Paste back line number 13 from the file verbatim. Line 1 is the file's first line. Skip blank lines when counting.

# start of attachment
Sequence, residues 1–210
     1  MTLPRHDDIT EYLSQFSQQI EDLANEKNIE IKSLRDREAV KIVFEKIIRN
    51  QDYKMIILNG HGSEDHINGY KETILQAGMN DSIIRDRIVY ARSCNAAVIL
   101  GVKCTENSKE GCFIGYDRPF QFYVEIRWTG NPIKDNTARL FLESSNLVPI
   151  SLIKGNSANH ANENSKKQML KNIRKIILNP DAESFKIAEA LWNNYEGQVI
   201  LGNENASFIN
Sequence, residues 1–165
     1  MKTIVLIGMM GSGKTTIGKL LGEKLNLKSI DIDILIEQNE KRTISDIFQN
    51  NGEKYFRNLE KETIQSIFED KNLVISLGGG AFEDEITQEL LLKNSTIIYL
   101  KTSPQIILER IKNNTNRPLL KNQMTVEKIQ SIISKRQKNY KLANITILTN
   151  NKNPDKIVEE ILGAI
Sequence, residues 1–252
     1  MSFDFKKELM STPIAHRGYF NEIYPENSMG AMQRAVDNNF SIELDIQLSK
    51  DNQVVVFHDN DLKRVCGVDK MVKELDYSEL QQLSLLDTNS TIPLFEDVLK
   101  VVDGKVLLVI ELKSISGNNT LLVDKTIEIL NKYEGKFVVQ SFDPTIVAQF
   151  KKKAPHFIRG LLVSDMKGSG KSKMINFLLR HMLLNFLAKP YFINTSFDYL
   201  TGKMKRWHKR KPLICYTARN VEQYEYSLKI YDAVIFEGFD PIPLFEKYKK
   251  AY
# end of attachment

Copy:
     1  MSFDFKKELM STPIAHRGYF NEIYPENSMG AMQRAVDNNF SIELDIQLSK